Holland Taylor. Discussing her hit play, "Ann." 


We switched Ben, on the "B" camera to the opposite side for Taylor Holland's interview. 


Advice: on a multi-camera set up it's crucial to make sure your cameras match up. Same color settings, same exposure settings and ISO (so the noise matches) and, most importantly, all cameras should be set to exactly the same frame rate....

sound from both the lav and the shotgun were good even though we were unable to turn off the (noisy) air conditioning unit. 

Camera settings: All cameras set at 29.97 fps. Shutter speed = 1/60th. All apertures set to f2.8. White balance = 5300K. Profile = Eterna. Sharpening = minus 2. Audio optimized for -12 db to -6 db. 

Cameras: 3 x Fuji X-H1s with battery grips. Lenses: All Fuji: 16-55mmm f2.8, 56mm f1.2 APD, and 90mm f2.0. Manually focused with focus peaking and attendant punch-in. 



9 comments:

MikeR said...

Nice to see how the magic is made.

Richard said...

Wasn't this the job you were going to use two shotgun mics on? Personally my standard audio configuration is a wireless lav on one channel and a shotgun NTG-2 on the other. But I thought you needed to cover multiple people. This looks like just one person on camera, which of course makes it easier to mic.

Kirk Tuck, Photographer/Writer said...

Richard, on Friday the client decided they'd bitten off too much complexity and reworked the concept. We went all the way back to the idea of three individual interviews. Worked much better for me....

Michael Matthews said...

How was the difference in quality between the lav mic and the shotgun?

Kirk Tuck, Photographer/Writer said...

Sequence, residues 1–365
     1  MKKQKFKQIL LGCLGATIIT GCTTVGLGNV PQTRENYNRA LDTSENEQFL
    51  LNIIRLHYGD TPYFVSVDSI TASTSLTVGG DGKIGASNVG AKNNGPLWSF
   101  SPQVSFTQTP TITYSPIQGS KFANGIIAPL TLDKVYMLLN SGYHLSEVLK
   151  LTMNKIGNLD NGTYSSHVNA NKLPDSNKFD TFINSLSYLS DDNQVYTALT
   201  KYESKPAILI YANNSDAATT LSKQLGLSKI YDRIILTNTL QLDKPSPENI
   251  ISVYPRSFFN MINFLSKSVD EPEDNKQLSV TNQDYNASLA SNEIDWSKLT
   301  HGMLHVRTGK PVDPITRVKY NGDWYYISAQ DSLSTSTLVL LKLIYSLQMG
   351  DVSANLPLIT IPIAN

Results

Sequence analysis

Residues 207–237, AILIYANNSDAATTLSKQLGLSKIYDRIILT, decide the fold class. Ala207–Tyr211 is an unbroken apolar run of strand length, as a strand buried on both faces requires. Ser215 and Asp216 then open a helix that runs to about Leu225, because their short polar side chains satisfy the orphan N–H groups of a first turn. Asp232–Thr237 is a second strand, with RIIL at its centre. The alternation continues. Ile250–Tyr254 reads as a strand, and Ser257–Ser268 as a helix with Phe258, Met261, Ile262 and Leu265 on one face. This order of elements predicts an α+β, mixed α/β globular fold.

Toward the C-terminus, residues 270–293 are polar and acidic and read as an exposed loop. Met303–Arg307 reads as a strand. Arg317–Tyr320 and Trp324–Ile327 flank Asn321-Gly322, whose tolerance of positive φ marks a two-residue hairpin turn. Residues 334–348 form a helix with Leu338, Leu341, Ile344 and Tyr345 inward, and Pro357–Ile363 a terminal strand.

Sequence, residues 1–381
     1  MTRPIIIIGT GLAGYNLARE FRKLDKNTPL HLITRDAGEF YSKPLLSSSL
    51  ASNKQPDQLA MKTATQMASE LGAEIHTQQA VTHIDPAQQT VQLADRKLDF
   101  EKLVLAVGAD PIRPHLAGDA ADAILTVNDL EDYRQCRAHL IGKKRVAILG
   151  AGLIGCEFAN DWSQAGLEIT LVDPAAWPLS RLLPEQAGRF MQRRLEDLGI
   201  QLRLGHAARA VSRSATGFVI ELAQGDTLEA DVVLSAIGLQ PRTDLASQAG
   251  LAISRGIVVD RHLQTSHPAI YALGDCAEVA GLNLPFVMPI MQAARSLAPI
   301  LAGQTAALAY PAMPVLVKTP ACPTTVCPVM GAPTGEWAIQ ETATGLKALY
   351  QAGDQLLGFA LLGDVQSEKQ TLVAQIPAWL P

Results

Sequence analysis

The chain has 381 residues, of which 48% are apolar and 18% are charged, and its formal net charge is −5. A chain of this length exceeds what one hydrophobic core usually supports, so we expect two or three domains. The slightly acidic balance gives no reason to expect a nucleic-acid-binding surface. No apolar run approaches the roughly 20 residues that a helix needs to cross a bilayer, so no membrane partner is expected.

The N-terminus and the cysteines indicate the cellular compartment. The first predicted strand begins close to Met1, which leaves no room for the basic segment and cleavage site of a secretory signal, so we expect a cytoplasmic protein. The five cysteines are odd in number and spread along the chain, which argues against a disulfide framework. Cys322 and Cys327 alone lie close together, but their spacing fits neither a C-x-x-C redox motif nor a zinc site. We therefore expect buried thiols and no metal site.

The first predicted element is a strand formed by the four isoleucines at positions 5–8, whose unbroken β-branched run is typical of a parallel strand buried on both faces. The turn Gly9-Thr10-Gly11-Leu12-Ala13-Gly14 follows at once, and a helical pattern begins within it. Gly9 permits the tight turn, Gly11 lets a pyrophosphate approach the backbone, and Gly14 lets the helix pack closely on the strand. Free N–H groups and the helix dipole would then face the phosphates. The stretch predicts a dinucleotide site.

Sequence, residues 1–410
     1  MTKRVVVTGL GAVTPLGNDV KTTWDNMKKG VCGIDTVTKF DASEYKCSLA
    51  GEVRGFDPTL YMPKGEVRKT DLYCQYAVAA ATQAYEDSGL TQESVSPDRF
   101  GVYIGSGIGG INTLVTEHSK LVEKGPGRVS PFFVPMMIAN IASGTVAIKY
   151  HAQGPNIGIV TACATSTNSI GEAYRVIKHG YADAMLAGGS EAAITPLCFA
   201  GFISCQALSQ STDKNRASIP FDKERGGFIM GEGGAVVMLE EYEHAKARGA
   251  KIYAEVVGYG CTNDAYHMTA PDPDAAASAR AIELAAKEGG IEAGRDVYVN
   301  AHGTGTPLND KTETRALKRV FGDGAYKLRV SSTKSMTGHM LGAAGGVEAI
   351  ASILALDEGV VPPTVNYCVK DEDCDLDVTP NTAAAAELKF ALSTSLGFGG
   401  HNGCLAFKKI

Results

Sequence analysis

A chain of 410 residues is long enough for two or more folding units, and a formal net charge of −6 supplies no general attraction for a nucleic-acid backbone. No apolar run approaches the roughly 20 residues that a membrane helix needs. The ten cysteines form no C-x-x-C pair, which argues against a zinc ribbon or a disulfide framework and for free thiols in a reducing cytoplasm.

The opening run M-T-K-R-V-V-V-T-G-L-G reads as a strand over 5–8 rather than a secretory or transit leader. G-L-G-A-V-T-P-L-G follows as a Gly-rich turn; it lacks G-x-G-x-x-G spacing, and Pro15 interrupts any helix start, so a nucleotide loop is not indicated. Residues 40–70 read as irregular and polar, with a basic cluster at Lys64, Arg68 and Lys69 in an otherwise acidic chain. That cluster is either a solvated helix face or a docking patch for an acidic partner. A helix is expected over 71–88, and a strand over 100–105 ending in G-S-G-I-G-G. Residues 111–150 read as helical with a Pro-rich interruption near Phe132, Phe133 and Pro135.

MM, the lav was pretty much noise free and clear but like most lavs it sounded a bit flat. The shotgun picked up more of the air conditioner noise but had much more detail and clarity. Given a choice I'll probably opt for the feed from the shotgun and do a bit of high end noise reduction in post. I don't know how else to describe it but the shotgun sounds more three dimensional; more real. Less compressed.

Scott said...

Despite the blankets, the shotgun is probably picking up some reflections of the voices, providing a natural “echo” and thus depth.

Kirk Tuck, Photographer/Writer said...

Huge, huge room, thick black drape behind the subject and about 50 feet to the back wall behind us. Oh, and tons of insulation on the ceiling 30 feet above us. Maybe not reflections. Maybe shotguns just have more dynamic range than lavs..... I don't know for sure.....

typingtalker said...

CBS News Sunday Morning (started by Charles Kuralt in 1979) does remote interviews where they often pull back to a BTS view of the goings-on. It's usually only a few seconds but very interesting to people like us.

Many are available on-demand so we don't have to get up early (9:00 am eastern :)) to watch.

gkujasnuu said...

WOW, I do envy you and your setup. I have done BTS shooting on a couple of films (2 feature-length and several shorts). The director's instructions were no flash, no extra lights and no tripod, be quiet and stay out of the shot.
Challening, but fun. Thanks for your insights and all of your observations.